Thursday, 27 March 2014

Powerless at the Chalkface

Teachers, don't we get a sweet deal. Our short hours. Our long holidays. Our glorified, overpaid babysitting job, when kids pretty much teach themselves all that mickey-mouse shit these days anyway, not like the real subjects kids used to learn. The odious nonsense about teaching, a career so singled-out for media scorn and political hacky-sacking, is so pervasive that we teachers even believe it ourselves. We buy in to the idea that we should be grateful to have our jobs, and wake up every morning with a smile on our faces and a song in our hearts, thankful that we have such a gentle, not-even-a-real-job career that pays enough that usually we only need the one job.

We look like this just before we burst into song, you know
As anyone who knows anything about human nature might surmise, this attitude causes problems when it butts up against the realities of the modern chalkface. We are told in the gaslighting style of an abusive partner that our jobs are easy, that we're slackers, that we're letting the side down. While this constant stream of ego-mashing abuse is whispered in our ears, we're given yet more chores to perform, given new rules often without being told fully what they are till they're broken, have targets set higher and further away than make sense or are feasible (because everyone can be above average, right?). Every so often, we are paraded in front of unfeeling strangers who judge us on nothing beyond a quick leer and a ticked box.
"The children seemed to act unnaturally when we were all in the room. Poor classroom management!"
All the while, we are told to say yes. To be compliant. Your student's parents can only make a 7pm meeting? Then you must say yes, and sit alone in a silent classroom for parents who may or may not come to a ten minute chat about results they've already seen. The government decides to completely change their focus so everything you've worked on creating and resourcing before is now useless? Smile, nod and get back to that drawing board, often late at night once your kids are in bed.
We are made to guilty for being human beings outside the classroom. A day off is not taken lightly, our sick days and illnesses carefully weighed up against the feeling of letting our classes and our colleagues down. Relief work is set late at night with splitting headaches or between frantic trips to the toilet, and often the decision is made to just go in anyway. I once broke my ankle and was frantically texting my relief for the next day as they wheeled me into X-ray. Even high on morphine the shame of taking a sick day with chores undone was too great.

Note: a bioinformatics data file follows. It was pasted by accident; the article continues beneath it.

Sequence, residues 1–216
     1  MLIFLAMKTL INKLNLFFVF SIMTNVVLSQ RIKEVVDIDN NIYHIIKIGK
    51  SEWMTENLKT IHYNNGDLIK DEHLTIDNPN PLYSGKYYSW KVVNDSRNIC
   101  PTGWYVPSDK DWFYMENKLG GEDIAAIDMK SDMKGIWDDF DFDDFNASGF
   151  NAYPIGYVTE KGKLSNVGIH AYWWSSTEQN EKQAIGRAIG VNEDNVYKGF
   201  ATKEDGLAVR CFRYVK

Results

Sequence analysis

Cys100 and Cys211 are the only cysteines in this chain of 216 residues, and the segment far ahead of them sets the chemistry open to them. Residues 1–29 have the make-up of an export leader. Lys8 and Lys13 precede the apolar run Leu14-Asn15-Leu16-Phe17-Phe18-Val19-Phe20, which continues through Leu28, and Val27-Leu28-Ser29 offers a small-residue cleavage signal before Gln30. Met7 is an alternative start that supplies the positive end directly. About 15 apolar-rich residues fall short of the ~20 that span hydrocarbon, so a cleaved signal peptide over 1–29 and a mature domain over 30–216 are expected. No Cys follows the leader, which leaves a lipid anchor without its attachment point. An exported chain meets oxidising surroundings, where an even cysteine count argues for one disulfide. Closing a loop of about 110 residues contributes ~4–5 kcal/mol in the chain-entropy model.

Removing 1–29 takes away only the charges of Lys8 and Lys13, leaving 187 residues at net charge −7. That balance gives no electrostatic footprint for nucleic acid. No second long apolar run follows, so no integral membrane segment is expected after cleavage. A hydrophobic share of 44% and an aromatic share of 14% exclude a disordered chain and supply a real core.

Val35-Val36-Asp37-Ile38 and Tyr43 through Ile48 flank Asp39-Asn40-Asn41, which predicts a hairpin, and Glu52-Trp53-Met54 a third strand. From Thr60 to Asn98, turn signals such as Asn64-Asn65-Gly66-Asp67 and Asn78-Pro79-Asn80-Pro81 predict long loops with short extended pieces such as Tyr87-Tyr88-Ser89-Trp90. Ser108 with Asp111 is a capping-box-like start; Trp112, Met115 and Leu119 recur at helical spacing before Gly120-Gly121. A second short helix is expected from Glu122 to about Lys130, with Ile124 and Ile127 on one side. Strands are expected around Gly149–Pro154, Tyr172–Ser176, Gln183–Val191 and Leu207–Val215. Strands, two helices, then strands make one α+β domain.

"...and year 12 should do page....AAAAAARGH!"

We're denied time to to attend weddings, funerals, life events of those we love, because much as we try, sometimes real life and externally-set holidays do not always synchronise. We can be refused unpaid leave for no reason at all, despite our reasons being the most joyous, the most humanly valid. Hindu? No unpaid day at home with your family to prepare Diwali's feast for you, no matter how many of your colleagues offer to step up. Daughter arriving home for the first time in years? Hope that flight gets in outside of school hours or she'll be taking a taxi home while you try to concentrate on teaching 8C how to draw graphs.

Your ancient celebration of light is too foreign, no day off for you!

 In a world that increasingly seeks to divorce the demands of work from the basic human need to raise children, those who are told to raise them in your absence are treated with a level of professional and social disdain that makes it a wonder we're trusted with children at all. This discordant, manipulative relationship between teacher and system leaves us bewildered, exhausted, and ready not so much for divorce as a midnight flight to freedom.

"At least in the private sector we'll be considered hardworking!"
 After nearly a decade wielding a whiteboard marker, I am nearly done. Not with the profession, to which I have a burning desire to keep doing until I'm no longer enjoying the thrill of helping young people learn new things, but with the culture. I'm done with acting like my job is worth more than my mental wellbeing. I'm done with putting the capricious demands of ministers and committees ahead of the needs of the students I work with.

I'm done with saying yes.


  1. In a nutshell..... There are thousands of teachers across the globe who are with you on this!